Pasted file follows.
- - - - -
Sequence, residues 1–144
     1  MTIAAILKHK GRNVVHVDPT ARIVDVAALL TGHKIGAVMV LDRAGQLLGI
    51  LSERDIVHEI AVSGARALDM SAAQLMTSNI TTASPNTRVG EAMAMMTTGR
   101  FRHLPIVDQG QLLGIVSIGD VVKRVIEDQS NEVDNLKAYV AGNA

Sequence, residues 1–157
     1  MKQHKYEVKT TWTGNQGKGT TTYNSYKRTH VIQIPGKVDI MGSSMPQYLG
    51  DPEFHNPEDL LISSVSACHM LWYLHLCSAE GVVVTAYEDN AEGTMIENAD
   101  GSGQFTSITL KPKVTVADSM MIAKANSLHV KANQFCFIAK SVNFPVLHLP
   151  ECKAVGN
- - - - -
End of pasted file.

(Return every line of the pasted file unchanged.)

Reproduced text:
Sequence, residues 1–144
     1  MTIAAILKHK GRNVVHVDPT ARIVDVAALL TGHKIGAVMV LDRAGQLLGI
    51  LSERDIVHEI AVSGARALDM SAAQLMTSNI TTASPNTRVG EAMAMMTTGR
   101  FRHLPIVDQG QLLGIVSIGD VVKRVIEDQS NEVDNLKAYV AGNA

Sequence, residues 1–157
     1  MKQHKYEVKT TWTGNQGKGT TTYNSYKRTH VIQIPGKVDI MGSSMPQYLG
    51  DPEFHNPEDL LISSVSACHM LWYLHLCSAE GVVVTAYEDN AEGTMIENAD
   101  GSGQFTSITL KPKVTVADSM MIAKANSLHV KANQFCFIAK SVNFPVLHLP
   151  ECKAVGN